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That XBox Will Make You Crazy! January 15, 2008

Posted by Dwight and Lynn Furrow in Culture, Dwight Furrow's Posts, Ethics.
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Economists and social scientists have been devoting lots of attention to happiness lately. See especially Layard’s work. Here and  here.

The data seems to show that there is little connection between material wealth and reported levels of happiness (beyond the threshold where basic material needs are satisfied) and that the percentages of people afflicted with depression, panic attacks and anxiety are rising even as we become wealthier.

Oliver James takes the argument one step further. Not only does capitalism fail to make us happier; he claims it is making us mentally ill! Relying on data that suggests a higher incidence of mental distress in inhabitants of competitive societies,

“He [James] tracks how “selfish capitalism” generates insecurity and inflates comparisons; how a winner-takes-all competitiveness merely creates losers and a pandemic of low self esteem, with its compensatory pathologies around celebrity and status.”

The explanation is not implausible on its face, but the big question is why, if consumerism is so bad for us, we continue to slog away on the treadmill. It’s not as if the Nordstrom Police show up at our door step every morning and carry us off to the mall for a day of bone-wearying, debilitating shopping.

Throughout much of human history, people who could afford them, have been attracted to “bright, pretty things.” Pace Aristotle, perhaps an XBox is the highest good for human beings even if it makes us sick.

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1. Tony Pettina - January 15, 2008

Such data does not surprise me in the least. I have to admit that I too have wondered if I were rich, would I be happier. I also would admit that there is still a part of me that wants to give it a try. Maybe these rich people are just not doing it right.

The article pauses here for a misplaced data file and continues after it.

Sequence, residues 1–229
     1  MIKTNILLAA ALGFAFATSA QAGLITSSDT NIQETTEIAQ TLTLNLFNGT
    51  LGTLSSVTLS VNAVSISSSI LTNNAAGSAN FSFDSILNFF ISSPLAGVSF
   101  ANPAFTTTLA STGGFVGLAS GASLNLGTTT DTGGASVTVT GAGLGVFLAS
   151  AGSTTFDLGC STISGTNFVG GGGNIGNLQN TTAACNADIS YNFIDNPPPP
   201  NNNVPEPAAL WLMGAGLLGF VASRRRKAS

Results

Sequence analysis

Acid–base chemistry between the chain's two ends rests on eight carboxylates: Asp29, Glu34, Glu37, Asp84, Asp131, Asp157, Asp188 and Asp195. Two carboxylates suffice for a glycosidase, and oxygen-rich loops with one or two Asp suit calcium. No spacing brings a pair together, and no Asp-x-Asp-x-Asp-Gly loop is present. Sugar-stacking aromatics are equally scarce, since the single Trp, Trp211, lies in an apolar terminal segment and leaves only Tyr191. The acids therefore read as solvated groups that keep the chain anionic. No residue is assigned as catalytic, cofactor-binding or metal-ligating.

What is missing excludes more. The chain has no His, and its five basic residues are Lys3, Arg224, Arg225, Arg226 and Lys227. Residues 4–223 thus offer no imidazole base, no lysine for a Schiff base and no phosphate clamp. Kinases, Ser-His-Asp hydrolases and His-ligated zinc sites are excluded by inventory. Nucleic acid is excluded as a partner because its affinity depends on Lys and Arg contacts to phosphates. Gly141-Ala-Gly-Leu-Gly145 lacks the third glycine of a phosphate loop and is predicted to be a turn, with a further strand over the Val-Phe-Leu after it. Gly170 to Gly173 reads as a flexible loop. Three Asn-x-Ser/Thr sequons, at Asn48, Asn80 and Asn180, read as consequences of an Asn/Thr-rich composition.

I think the bigger issue is the underlying one in the clash between material wealth and happiness. I don’t think that it is wealth itself that is the evil. It is what we all end up doing with such wealth that really makes the difference. Our society bombards us all with the real or imagined need for things of all shapes and sizes. The display of “bright, pretty things” interrupts our thoughts constantly. When we surrender and become attached to these things, set out on the endless shopping expeditions to acquire them, and get sucked into the competition with others for the necessary resources, we court emptiness and thus unhappiness. There is no lasting substance to spending our wealth on things. The very nature of capitalism is such that we should never be satisfied with the things we have, for there are ever more new things that must be obtain. By extention, then, we are unhappy right after we have acquired the newest thing because we know its luster will not last and we will be on the hunt for the next shiny bauble.

As I said, it is not wealth that is evil, but rather what we do with it. I think happiness would correlate more highly with wealth if such wealth were invested in people rather than things. Even if it is only invested in family and close friends, the happiness quotient would, I think, rise considerably. Historically in the US, investing in people has always been a bone of contention. We are never quite sure if our social programs really help anyone because it is often too hard to measure the return on dollars spent. Mostly, it is because the return on the investment does not happen overnight as it often does with things. People are not things and that is the point. Investing in them intelligently is always worthwhile.

Interaction with other people carries with it more substantive and lasting value. Rather than alienating us from one another as the race for things tends to do, investing time and wealth in people brings us closer together. It reminds us of the commonalities we share and breeds compassion. It seems that this could have a positive impact on the number of mental illnesses and the low self esteem James talks about.

Now, if I can just figure out how to get more of this wealth everybody keeps talking about!

2. Moriae - January 16, 2008

That man is quite liable to mistaking amusement for happiness should have become a commonplace understanding by now. But it suits our interests to not pay too much attention to our faults. There is no doubt that the clever creatures among us profit on the error, and encourage it as well, perhaps, in part, to take their minds off their own contented and inoffensive lives. So why regret what is a commonplace? We are the Hollow Men, the Stuffed Men, aren’t we?

Memories are short I know, but I seem to remember something Moriae spoke in 1517.

Human Folly spoke: